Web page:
SSTL's satellite for Satellite Vu will be based ona design called DarkCarb and equipped with a mid-wave infrared camera. Credit: SSTL

PARIS — Surrey Satellite Technology Ltd. (SSTL) won a contract from British Earth observation startup Satellite Vu to build the first satellite in a constellation designed to provide thermal infrared imaging for climate change applications.

SSTL said Dec. 16 that it will build the satellite as a pathfinder for Satellite Vu’s proposed seven-satellite constellation. The spacecraft will be built for launch in the fourth quarter of 2022. The companies did not disclose the terms of the deal.

The satellite is based on SSTL’s DarkCarb design, a 130-kilogram satellite equipped with a mid-wave infrared, or MWIR, instrument capable of imagery with a resolution of 3.5 meters. That instrument is currently being tested on aircraft to confirm its performance ahead of launch.

“They say space is hard. Infrared is hard, that’s why it hasn’t been implemented, certainly not at 3.5-meter resolution,” said Anthony Baker, chief executive of Satellite Vu, during a panel at Euroconsult’s World Satellite Business Week here Dec. 16. “The breakthroughs have been on the camera, the sensor, the way we image.”

London-based Satellite Vu intends to use the thermal infrared imagery to support energy and environmental applications, such as identifying emissions sources and buildings that are wasting heat. The data can be used to support commitments by companies to achieve environmental standards, such as “net zero” emissions goals.

“Everyone who declares net zero has the same problem: they don’t know what their carbon footprint is today, they don’t know where to spend their first euros to make things better, and did that improvement actually make any difference over the long term? We can tell you the answer,” said Baker.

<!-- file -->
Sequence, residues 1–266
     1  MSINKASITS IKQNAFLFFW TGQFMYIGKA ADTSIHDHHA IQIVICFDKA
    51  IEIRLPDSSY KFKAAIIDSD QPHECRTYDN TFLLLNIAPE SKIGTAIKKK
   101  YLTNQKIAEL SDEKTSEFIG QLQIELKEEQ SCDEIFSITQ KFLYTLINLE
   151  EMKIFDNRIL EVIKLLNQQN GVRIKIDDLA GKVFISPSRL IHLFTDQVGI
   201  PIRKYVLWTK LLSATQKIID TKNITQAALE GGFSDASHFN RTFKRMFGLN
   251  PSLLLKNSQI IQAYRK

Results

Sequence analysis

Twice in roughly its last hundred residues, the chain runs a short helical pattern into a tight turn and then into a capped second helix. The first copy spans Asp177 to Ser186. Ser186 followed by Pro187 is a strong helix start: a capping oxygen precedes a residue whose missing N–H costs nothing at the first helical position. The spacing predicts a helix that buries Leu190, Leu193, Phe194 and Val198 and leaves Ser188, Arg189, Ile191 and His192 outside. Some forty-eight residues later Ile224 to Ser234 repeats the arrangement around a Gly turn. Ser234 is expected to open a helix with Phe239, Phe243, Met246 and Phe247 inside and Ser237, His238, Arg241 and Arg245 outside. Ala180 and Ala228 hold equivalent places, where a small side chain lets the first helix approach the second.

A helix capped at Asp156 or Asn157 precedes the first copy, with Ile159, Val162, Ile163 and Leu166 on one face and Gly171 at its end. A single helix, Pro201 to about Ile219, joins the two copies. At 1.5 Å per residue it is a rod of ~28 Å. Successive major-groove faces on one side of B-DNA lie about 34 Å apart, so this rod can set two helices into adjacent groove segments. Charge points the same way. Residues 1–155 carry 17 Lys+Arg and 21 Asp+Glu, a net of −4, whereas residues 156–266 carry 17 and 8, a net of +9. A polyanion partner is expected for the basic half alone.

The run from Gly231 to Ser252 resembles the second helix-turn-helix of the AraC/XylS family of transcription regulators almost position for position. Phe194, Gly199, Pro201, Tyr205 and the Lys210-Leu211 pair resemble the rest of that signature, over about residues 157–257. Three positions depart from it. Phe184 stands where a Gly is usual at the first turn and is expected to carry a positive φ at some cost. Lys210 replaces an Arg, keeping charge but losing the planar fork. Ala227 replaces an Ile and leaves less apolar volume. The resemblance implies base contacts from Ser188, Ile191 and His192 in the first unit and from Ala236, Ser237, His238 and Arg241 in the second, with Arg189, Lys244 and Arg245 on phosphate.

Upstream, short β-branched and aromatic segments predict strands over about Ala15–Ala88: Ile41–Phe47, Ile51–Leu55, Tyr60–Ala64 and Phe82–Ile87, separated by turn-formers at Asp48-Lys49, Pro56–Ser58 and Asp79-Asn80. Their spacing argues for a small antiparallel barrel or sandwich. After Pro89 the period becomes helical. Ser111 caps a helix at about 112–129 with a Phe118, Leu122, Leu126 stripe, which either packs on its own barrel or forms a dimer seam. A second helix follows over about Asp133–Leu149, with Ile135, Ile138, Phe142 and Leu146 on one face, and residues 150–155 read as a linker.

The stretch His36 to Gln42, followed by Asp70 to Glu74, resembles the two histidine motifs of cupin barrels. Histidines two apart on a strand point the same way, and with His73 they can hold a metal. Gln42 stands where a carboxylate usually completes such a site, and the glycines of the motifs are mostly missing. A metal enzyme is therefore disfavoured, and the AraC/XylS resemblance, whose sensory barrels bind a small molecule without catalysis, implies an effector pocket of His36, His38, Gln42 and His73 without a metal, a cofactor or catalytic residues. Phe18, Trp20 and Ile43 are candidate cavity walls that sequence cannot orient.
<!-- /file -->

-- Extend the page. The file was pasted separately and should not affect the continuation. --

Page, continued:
Satellite Vu raised £15 million ($20 million) in October in a funding round led by the Seraphim Space Investment Trust, six months after it raised £3.6 million. That funding will support the production of the first satellite.

Baker said his company elected to buy a satellite from an established manufacturer like SSTL than build one itself. “We could have built this in our garage like a lot of startups but we decided to go to someone professional who can build something that will work the first time,” he said. “It’s not so much a technology demonstrator, because we think that risk has been completely retired. It’s more of a market demonstrator.”

He said the company will go ahead with the other six satellites in the constellation “as soon as possible.” Those satellites will be ordered separately next year. Satellite Vu will place the satellites into two planes to maximize revisit times. The company didn’t disclose a schedule for launching those satellites.

Jeff Foust writes about space policy, commercial space, and related topics for SpaceNews. He earned a Ph.D. in planetary sciences from the Massachusetts Institute of Technology and a bachelor’s degree with honors in geophysics and planetary science...